October 9, 2002


A Lie of the Mind

reviewed by
Lynn Trenning




















For more about Lynn Trenning, please visit her main page.

(the article first appeared in The Charlotte Observer)

At the end of a dead end street on the edgy fringe of NODA, a new theatre company named innerVoices is taking a chance. Their inaugural production is Sam Shepardís complicated A Lie of the Mind. It is a distressing and absurdist play about how two families react to violence, repression, and abandonment.

Executive Director Carver Johns, Managing Director Alan Nelson and Artistic Director Serena Ruden all play starring roles. The space has fabulous potential, with a gargantuan stage, towering ceiling, and tiered seating. Unfortunately, the sticky hot October weather, the torturously uncomfortable chairs (the cheapest that money can buy), and a lot of yelling made this three hour production difficult to watch.

First produced in New York in 1985, the show won the 1986 Drama Critics Circle Award for Best Play. It is a study of loneliness and desperation, as well as the painful ways people inflict themselves upon each other. Jake, played by Johns, is a guy with no apparent good qualities. He has beaten his beautiful wife Beth, played by Ruden, to an unrecognizable pulp, and thinks he has killed her. As a result, both Jake and Beth move back home to their families.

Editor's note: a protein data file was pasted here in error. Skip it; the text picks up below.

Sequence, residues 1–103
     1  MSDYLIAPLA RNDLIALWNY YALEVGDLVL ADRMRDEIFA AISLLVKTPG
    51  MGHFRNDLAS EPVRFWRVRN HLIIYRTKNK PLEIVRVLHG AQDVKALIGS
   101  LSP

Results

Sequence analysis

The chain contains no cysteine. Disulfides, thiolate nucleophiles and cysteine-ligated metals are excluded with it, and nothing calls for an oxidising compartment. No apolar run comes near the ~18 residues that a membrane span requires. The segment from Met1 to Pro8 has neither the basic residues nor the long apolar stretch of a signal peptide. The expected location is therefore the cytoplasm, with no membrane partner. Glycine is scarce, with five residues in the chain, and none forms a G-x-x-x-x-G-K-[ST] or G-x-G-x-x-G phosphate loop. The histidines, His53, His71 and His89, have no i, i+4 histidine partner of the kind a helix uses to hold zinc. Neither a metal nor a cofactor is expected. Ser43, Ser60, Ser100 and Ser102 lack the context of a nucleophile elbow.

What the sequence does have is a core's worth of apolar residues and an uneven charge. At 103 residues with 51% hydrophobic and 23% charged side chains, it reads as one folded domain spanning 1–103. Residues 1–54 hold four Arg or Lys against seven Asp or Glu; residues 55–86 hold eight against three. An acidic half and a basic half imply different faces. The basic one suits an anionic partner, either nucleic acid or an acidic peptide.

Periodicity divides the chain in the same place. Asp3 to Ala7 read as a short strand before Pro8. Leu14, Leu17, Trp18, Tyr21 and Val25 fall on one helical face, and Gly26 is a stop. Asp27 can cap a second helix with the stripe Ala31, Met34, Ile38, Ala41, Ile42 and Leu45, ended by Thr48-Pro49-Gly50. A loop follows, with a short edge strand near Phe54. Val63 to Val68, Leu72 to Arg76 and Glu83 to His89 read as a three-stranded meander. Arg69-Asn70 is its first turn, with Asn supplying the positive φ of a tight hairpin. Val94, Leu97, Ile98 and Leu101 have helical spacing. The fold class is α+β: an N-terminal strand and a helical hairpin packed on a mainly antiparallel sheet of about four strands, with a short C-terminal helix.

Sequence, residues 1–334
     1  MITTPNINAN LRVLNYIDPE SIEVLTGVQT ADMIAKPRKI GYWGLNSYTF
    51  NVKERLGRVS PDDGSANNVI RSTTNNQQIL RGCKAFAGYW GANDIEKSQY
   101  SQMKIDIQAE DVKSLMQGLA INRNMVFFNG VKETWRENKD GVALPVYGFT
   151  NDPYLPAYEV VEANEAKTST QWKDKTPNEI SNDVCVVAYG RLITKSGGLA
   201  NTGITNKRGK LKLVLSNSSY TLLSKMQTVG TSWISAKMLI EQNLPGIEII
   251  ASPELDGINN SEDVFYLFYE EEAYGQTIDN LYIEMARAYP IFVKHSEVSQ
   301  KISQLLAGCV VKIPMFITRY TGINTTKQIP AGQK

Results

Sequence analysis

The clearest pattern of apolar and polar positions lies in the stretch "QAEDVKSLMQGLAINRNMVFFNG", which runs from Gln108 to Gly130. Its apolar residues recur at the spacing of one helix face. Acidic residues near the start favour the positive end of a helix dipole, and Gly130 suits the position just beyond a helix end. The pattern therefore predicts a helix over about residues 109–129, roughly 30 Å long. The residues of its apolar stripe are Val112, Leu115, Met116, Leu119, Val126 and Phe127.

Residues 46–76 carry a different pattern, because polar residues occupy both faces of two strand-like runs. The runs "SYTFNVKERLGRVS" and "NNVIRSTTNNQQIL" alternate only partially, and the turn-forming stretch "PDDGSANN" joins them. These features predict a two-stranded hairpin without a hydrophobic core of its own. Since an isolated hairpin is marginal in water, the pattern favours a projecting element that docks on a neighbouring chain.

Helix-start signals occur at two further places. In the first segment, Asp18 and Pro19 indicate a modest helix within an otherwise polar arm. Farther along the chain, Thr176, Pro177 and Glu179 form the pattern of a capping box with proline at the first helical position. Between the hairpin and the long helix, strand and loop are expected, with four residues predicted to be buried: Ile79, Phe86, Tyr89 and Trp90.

Beth and Jake both have brothers who try to act as voices of reason. Both have mothers who take them back home without any curiosity about the horror that brought them there. Jakeís mother, skillfully played by Polly Adkins, muses that "a woman who lives with a man like that deserves to be killed." Bonnie Johnson is excellent as Bethís mother, who has maintained a few spirited sparks despite being married to a man who steals bits of her soul every time he opens his mouth. The fathers, one absent and one on stage, control the personalities of the mothers.

In A Lie of the Mind people will not see what they donít want to see. Blame from obvious sources is seamlessly transferred to the innocent. Every character has mastered the art of self-deception. The members of both families slowly suffocate each other with indifference, violence, and stupidity. Everyone is marginalized, and they each use whatever miniscule means they have to impose their will on each other. The means range from cream of broccoli soup to damaging old secrets. All of this is accomplished by a lot of screaming.

Itís a daring production of a complicated play. In the end, it is up to the audience to decide whether even a speck of love resides within any of the characters.

Lynn Trenning, October 9, 2002

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